woman adjusting food on table using remote control cable release equipment.

I remember how excited I became when I first bought the remote for my camera. It finally meant I could take pictures without touching the camera and jiggling it.

Some of the newer macro cameras have Wi-Fi and Bluetooth connectivity and apps that offer wireless remote control capabilities.

10. Focusing Rail

The biggest issue with macro photography equipment is that you need a focusing rail to set the distances on your gear. These rails are unique and expensive, which may discourage people from buying them.

A macro focusing rail is a device that can make your macro photography easier and more precise than without one. It comes in two styles – the focusing rail and the focusing clamp. The first is a rail that can slide in and out. This way, you can focus on the object and then pull it closer to you, so there’s no hassle with moving backward and forwards.

11. Reversing Rings and Mounts

I challenge myself with odd setups that don’t fit “the norm” to produce good macro photos. One of these situations is shooting photos using lens reversal techniques.

This is where you mount your camera’s lens to the front (in reverse) and attach it to your camera’s body backward. The setup of this specific challenge is similar to an upside down and backward and requires reversing rings and mounts.

If you’re shooting a macro photography subject that either doesn’t move (like still life), or you have total control over the lighting, then there are definite benefits to using ring adapters. If not, then I’d definitely side with stopping down the aperture.

person holding a macro DSLR camera.

Other Macro Equipment and Accessories

It’s worth noting a few other items to consider for your macro camera gear setup. The more you get into macro photography, the closer you’ll inevitably want to get. To dig deeper requires increased magnification and can even mean looking into microscopes and snap-on lenses, like the Raynox DCR-250.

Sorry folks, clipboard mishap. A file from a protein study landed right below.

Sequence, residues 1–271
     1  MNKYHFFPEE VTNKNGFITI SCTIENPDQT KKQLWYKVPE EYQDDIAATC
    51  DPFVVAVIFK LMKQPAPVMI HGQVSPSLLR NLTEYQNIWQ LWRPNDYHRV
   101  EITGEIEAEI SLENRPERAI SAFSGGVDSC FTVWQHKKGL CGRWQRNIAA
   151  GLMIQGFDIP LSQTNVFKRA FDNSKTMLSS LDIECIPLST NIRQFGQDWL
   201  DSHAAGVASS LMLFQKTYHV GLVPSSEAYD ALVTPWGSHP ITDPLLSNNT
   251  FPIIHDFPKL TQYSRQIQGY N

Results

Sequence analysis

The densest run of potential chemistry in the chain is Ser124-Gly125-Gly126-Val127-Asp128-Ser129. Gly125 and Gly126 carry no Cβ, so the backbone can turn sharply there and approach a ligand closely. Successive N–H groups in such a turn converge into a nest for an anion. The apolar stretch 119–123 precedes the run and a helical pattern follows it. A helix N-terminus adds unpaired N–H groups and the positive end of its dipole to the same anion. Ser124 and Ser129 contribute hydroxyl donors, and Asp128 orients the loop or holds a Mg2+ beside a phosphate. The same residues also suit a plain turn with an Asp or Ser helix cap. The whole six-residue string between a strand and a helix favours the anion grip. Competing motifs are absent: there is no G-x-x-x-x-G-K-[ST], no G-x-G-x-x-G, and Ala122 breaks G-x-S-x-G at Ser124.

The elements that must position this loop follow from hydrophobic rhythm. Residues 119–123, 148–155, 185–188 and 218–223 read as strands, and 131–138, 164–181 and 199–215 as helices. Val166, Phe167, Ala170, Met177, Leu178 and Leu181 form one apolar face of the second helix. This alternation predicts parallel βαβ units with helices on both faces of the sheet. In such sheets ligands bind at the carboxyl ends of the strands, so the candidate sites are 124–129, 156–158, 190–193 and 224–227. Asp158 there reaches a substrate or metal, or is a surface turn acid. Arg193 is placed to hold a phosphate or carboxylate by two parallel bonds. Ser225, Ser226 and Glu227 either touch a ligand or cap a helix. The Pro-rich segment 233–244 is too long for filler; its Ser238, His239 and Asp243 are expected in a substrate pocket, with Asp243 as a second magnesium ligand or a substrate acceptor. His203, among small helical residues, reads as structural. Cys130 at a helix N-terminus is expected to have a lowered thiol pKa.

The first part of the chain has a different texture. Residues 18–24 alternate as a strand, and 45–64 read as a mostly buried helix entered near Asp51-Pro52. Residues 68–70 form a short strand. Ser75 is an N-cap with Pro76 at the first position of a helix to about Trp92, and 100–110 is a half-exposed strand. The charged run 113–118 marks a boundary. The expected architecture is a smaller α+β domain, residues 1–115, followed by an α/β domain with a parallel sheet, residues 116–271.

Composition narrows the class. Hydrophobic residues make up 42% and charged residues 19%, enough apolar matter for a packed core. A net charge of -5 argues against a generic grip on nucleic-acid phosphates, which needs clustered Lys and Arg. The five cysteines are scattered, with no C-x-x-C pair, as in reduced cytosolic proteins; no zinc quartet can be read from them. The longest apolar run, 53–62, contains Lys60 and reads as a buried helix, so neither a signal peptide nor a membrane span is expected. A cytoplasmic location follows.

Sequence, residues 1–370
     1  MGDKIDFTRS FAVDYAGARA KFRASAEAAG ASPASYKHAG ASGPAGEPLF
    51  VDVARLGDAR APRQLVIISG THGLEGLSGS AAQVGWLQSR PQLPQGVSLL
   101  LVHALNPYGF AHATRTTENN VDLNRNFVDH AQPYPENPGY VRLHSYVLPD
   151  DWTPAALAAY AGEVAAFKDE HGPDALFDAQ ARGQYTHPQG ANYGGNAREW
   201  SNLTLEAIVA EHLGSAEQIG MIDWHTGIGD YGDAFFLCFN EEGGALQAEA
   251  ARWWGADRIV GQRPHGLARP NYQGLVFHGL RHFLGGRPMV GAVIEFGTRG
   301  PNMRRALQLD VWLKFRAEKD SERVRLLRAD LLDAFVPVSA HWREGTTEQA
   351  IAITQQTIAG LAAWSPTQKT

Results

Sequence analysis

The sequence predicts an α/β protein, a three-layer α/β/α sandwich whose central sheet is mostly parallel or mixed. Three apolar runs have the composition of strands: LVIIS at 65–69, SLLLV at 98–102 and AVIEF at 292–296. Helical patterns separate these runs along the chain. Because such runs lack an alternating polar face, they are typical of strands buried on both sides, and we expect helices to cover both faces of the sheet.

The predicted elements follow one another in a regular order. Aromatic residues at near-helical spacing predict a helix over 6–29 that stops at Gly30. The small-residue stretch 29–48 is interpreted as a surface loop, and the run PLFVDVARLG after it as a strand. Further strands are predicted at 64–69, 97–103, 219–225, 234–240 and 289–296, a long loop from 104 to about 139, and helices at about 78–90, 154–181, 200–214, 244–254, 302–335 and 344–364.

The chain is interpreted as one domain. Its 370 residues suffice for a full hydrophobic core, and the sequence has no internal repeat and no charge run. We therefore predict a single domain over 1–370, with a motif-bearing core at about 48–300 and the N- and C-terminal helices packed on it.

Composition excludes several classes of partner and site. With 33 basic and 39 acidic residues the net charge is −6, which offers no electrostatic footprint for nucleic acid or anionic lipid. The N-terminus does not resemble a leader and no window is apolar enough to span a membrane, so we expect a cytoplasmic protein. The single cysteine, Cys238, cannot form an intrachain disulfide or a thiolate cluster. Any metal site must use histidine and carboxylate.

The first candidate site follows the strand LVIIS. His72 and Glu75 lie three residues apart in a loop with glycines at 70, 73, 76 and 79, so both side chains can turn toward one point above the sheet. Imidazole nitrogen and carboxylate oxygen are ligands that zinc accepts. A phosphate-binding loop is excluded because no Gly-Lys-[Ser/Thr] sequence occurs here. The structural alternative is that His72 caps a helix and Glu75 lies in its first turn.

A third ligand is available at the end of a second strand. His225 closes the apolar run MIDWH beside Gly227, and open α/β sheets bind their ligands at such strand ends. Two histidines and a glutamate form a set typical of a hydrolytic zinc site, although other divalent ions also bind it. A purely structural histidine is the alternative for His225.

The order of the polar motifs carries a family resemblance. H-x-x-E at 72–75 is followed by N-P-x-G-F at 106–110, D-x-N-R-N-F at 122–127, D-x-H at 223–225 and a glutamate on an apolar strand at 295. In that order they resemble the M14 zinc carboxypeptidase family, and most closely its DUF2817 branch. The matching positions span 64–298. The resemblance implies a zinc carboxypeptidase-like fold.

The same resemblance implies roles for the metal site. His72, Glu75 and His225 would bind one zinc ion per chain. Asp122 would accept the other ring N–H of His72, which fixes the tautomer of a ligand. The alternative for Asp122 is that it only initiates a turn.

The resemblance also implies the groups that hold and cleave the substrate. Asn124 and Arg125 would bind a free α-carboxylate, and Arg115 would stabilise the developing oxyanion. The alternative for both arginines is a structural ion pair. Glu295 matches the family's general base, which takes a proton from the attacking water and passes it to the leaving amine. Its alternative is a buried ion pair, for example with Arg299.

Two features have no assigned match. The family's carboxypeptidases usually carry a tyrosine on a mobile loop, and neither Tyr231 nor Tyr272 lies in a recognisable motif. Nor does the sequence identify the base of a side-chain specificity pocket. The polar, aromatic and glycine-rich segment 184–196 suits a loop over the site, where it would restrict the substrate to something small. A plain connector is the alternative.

Shooting indoors requires space, and this is where a shooting table comes in handy. A folding table is ideal for product shooting and has interchangeable background colors (black and white).

Shooting indoors requires space, and this is where a photography shooting table comes in handy. This folding table is ideal for product shooting and has interchangeable background colors (black and white).

Focus stacking is all the rage, and it exponentially enhances your macro shots. The increased depth of field and clarity from using focus stacking software like Helicon Focus and Zerene Stacker will take your shots to the next level.

Essential Equipment for Macro Photography – Takeaway

Macro photography is a great way to capture tiny details of the world but can come at a cost. Photography is notorious for being an expensive hobby, and with macro photography equipment, it can seem never-ending. I’m always adding gear to my wish list.

As a macro photographer, you’ll think of different ideas for macro photography, and you’ll inevitably add more gear to your arsenal. As you start with the three basic pieces of equipment: a camera body, dedicated macro lens, and tripod, your shots will not only inspire you but encourage you to experiment, tinker, and maybe even invent your own macro gear!

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Joseph is a fungi macro photographer (mycographer) who captures their intricate world using an Olympus EM5 Mark III and M. Zuiko 60mm f/2.8 lens, Raynox DCR 250, and focus bracketing. His camera tinkering skills have earned him publications and exhibitions in New Zealand, Europe, and Southeast Asia. He hopes to increase appreciation for fungi and their role in the environment through his photos.
Joseph is a fungi macro photographer (mycographer) who captures their intricate world using an Olympus EM5 Mark III and M. Zuiko 60mm f/2.8 lens, Raynox DCR 250, and focus bracketing. His camera tinkering skills have earned him publications and exhibitions in New Zealand, Europe, and Southeast Asia. He hopes to increase appreciation for fungi and their role in the environment through his photos.